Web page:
Oei N.Y.L.,Leiden University |
Rombouts S.A.,Leiden University |
Soeter R.P.,Leiden University |
Van Gerven J.M.,Center for Human Drug Research |
Both S.,Leiden University
Neuropsychopharmacology | Year: 2012
Dopaminergic medication influences conscious processing of rewarding stimuli, and is associated with impulsive-compulsive behaviors, such as hypersexuality. Previous studies have shown that subconscious subliminal presentation of sexual stimuli activates brain areas known to be part of the reward system. In this study, it was hypothesized that dopamine modulates activation in key areas of the reward system, such as the nucleus accumbens, during subconscious processing of sexual stimuli. Young healthy males (n53) were randomly assigned to two experimental groups or a control group, and were administered a dopamine antagonist (haloperidol), a dopamine agonist (levodopa), or placebo. Brain activation was assessed during a backward-masking task with subliminally presented sexual stimuli. Results showed that levodopa significantly enhanced the activation in the nucleus accumbens and dorsal anterior cingulate when subliminal sexual stimuli were shown, whereas haloperidol decreased activations in those areas. Dopamine thus enhances activations in regions thought to regulate wanting in response to potentially rewarding sexual stimuli that are not consciously perceived. This running start of the reward system might explain the pull of rewards in individuals with compulsive reward-seeking behaviors such as hypersexuality and patients who receive dopaminergic medication. © 2012 American College of Neuropsychopharmacology.
Cohen A.F.,Leiden University |
Cohen A.F.,Center for Human Drug Research
Nature Reviews Drug Discovery | Year: 2010
New medicines are designed to bind to receptors or enzymes and are tested in animal cells, tissues and whole organisms in a highly scientific process. Subsequently they are often administered to human subjects with tolerability as the primary objective. The process of development is considered to be linear and consecutive and passes through the famous four phases of development (Phase I- Phase IV). This is efficient for those projects for which the uncertainty about the development is low. There is, however, an increasing number of new prototypical compounds resulting from the increased biological knowledge with a high level of uncertainty. For these prototypical drugs development has to proceed in a much more adaptive manner, using tailor-made objectives, the development of special methodology and a cyclical rather than a linear type of project management. © 2010 Macmillan Publishers Limited. All rights reserved.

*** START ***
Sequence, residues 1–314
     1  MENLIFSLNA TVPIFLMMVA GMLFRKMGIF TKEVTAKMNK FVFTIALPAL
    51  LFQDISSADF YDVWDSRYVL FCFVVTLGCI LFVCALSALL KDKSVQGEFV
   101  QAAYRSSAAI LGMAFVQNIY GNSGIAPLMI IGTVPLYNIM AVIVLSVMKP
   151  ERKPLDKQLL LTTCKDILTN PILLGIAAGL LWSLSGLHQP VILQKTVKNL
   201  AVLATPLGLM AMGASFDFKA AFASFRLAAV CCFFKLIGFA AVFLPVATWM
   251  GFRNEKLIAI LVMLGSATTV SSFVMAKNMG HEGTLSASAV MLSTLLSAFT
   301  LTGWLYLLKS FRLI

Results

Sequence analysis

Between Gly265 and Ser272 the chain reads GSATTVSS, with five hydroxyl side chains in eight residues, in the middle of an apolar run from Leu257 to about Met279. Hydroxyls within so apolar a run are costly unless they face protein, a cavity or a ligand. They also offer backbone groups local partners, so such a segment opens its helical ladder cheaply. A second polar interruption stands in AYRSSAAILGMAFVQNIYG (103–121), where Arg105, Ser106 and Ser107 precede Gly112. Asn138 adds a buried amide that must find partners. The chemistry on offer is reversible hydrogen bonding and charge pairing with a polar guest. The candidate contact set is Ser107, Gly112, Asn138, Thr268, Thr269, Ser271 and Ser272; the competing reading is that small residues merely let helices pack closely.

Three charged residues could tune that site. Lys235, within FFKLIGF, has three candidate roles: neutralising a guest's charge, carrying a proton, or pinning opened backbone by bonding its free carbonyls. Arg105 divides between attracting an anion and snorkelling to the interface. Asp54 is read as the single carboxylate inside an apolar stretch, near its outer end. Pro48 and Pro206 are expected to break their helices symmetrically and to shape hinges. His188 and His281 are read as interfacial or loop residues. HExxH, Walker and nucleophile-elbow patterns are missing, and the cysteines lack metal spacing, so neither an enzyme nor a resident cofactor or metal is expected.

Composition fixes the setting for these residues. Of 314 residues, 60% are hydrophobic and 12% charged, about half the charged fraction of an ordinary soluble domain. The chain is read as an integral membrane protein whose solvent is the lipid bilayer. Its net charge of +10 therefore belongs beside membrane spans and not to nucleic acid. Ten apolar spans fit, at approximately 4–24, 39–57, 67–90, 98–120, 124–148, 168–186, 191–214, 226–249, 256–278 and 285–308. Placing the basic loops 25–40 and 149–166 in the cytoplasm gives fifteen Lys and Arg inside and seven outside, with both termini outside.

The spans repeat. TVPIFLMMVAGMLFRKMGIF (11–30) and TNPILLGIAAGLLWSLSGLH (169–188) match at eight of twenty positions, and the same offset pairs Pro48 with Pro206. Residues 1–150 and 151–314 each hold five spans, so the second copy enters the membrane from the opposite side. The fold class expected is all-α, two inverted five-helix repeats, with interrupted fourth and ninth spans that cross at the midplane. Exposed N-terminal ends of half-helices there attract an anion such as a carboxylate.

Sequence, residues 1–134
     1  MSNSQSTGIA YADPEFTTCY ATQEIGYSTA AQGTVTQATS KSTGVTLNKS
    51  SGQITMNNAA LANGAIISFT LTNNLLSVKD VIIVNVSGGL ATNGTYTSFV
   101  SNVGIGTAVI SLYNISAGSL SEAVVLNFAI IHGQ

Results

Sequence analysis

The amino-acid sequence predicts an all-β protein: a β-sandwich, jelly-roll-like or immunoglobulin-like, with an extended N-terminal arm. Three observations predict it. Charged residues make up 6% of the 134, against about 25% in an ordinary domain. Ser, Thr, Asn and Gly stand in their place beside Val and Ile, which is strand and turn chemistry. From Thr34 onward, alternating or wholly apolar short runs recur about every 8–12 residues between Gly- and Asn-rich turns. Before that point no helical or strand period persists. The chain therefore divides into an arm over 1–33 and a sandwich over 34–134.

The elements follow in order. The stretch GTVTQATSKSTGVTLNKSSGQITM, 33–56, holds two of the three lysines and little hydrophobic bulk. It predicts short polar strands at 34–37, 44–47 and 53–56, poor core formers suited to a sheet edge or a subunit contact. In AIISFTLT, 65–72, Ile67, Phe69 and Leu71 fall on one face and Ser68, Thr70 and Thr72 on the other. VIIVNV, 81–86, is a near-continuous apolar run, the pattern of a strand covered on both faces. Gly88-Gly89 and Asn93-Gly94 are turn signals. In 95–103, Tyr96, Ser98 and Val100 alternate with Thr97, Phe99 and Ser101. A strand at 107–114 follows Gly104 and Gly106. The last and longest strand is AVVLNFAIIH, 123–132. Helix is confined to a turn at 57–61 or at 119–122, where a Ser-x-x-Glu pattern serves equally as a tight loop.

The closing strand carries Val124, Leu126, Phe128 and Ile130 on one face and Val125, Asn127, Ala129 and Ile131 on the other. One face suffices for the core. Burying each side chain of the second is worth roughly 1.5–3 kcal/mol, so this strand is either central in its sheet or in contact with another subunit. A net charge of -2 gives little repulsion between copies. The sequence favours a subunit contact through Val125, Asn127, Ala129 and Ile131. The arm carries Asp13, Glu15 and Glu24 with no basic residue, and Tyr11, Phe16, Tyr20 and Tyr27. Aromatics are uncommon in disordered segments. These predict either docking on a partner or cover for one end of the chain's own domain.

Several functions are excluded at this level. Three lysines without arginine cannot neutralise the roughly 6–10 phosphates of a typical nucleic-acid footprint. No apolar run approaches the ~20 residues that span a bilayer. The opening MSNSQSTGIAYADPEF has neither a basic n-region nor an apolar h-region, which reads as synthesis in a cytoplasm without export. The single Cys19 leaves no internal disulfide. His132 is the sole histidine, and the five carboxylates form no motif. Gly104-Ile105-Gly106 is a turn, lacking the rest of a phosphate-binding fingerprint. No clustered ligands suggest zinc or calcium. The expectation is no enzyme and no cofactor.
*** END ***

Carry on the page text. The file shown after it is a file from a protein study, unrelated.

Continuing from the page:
Osanto S.,Leiden University |
Van Poppel H.,Catholic University of Leuven |
Burggraaf J.,Center for Human Drug Research
Future Oncology | Year: 2013
Tasquinimod, an oral quinolone-3-carboxamide with anti-tumor activity in preclinical models of prostate cancer, has been tested in patients with minimally symptomatic castration-resistant prostate cancer (CRPC), showing promising inhibitory effects on the occurrence of metastasis and delayed disease progression. Although its mode of action is not fully understood, tasquinimod presumably exerts its unique anti-tumor action through inhibition of angiogenesis and immunomodulation. In clinical studies, tasquinimod demonstrated anti-tumor activity in prostate cancer in combination with a mild-to-moderate side effect profile. With single-agent tasquinimod, dose-limiting toxicity was amylase elevation without signs of pancreatitis and sinus tachycardia. The maximum tolerated dose in Phase I studies in patients with CRPC was once daily administration of 0.5-1-mg tasquinimod orally. In a Phase II trial, significant clinical activity has been demonstrated in asymptomatic or minimally symptomatic, chemotherapy-naive, metastatic CRPC (mCRPC) patients. Men were randomized to tasquinimod or placebo in a 2:1 fashion; treatment with tasquinimod resulted in significant improvement of median progression-free survival (7.6 vs 3.3 months with placebo; p = 0.0042). Based on these encouraging effects, a randomized, double-blind, placebo-controlled trial in men with minimally symptomatic mCRPC has been designed. This large Phase III trial, powered for a primary end point of progression-free survival, has now enrolled the target number of 1200 men. If the Phase II data are validated in the Phase III trial a new compound with a unique mode of action might become approved as a future therapy for minimally symptomatic mCRPC patients. © 2013 Future Medicine Ltd.